Download Begich’s letter.

    Kerry, Graham, and Lieberman have been holding a marathon of meetings. On Thursday they met with representatives of oil majors Shell, BP America, and ConocoPhillips, yet again with the pollution lobbyists of the Alliance for Energy and Economic Growth, and also with Sen. Mark Warner (D-VA) and later with members of the electric utility trade group Edison Electric Institute.

    None of these senators’ letters call for stronger pollution reductions, stronger renewable or efficiency standards, stronger scientific review, stronger regulation of hydraulic fracturing, stronger action on coal ash waste, stronger mercury rules, an end to mountaintop removal, or greater auctions of pollution permits.

    WonkLine: June 10, 2009

    Posted by Wonk Room Wed, 10 Jun 2009 13:03:00 GMT

    From the Wonk Room.

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    Global warming has “virtually wiped out” the most complex Caribbean coral reefs, “compromising their role as a nursery for fish stocks and a buffer against tropical storms,” a new study finds.

    Badly outnumbered and months behind in the debate on energy and climate change, House Republicans plan to introduce an energy bill” drafted by global warming denier Rep. Mike Pence (R-IN) today, “setting a goal of building 100 reactors over the next 20 years.”

    China is planning a vast increase in its use of wind and solar power over the next decade and believes” it can achieve 20 percent renewable power by 2020,” even as the U.S. renewable standard in clean energy legislation has been whittled down to less than 15 percent by 2020.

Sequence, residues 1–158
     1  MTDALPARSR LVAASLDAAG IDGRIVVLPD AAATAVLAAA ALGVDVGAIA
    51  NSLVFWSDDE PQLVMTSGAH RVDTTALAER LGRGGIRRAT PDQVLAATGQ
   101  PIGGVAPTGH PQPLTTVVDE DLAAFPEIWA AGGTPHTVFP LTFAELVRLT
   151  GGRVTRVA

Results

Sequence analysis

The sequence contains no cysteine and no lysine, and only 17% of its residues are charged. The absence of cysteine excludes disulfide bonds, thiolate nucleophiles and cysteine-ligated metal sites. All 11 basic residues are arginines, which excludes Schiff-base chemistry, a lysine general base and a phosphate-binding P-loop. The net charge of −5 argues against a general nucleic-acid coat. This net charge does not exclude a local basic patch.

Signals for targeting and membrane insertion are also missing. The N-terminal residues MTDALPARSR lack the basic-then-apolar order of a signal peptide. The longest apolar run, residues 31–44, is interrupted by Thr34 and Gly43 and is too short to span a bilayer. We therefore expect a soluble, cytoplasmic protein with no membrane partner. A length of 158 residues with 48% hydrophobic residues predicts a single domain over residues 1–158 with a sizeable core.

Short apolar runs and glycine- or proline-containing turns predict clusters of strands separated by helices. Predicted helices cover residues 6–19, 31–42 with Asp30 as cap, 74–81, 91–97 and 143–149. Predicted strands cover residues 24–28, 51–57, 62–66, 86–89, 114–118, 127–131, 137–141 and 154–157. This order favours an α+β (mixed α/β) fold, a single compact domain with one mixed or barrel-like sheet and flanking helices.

WonkLine: June 8, 2009

    Posted by Wonk Room Mon, 08 Jun 2009 13:08:00 GMT

    From the Wonk Room.

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    We really can’t say we’re the Saudi Arabia of coal anymore,” says Brenda Pierce, head of the USGS team that found the estimates of a 240-year supply of coal in the United States to be grossly inflated, as “relatively little of it can be profitably extracted.”

    The Congressional Budget Office has released its cost estimate of the Waxman-Markey American Clean Energy and Security Act (H.R. 2454), finding that it would reduce budget deficits “about $24 billion over the 2010-2019 period.”

    In a mock hearing today, Republican senators Lamar Alexander (R-TN), John McCain (R-AZ), and Jim Bunning (R-KY) “will propose building 100 new nuclear power plants over the next 20 years” instead of a mandatory cap on greenhouse gas emissions.

    Is Subsidizing Commercial Energy Projects the Best Way for America to Achieve its Energy Goals?

    Posted by Brad Johnson Tue, 24 Mar 2009 16:00:00 GMT

    The ethanol mandate taught us that energy subsidies for commercial energy projects can lead to unintended consequences and ultimately be counterproductive. Yet Washington’s attempts to address America’s energy questions continue to rely heavily on preferences, mandates, and subsidies for energy commercialization. This is causing energy experts from across the political spectrum to begin questioning the role of subsidies in energy policy. Is this an area where liberals and conservatives might agree?